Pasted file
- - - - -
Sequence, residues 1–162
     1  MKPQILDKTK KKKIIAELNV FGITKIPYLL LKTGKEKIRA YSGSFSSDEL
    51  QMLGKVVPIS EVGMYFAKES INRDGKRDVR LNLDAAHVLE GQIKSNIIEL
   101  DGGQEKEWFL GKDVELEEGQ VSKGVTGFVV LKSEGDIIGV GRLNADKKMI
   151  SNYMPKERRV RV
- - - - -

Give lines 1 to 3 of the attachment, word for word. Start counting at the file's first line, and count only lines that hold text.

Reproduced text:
Sequence, residues 1–162
     1  MKPQILDKTK KKKIIAELNV FGITKIPYLL LKTGKEKIRA YSGSFSSDEL
    51  QMLGKVVPIS EVGMYFAKES INRDGKRDVR LNLDAAHVLE GQIKSNIIEL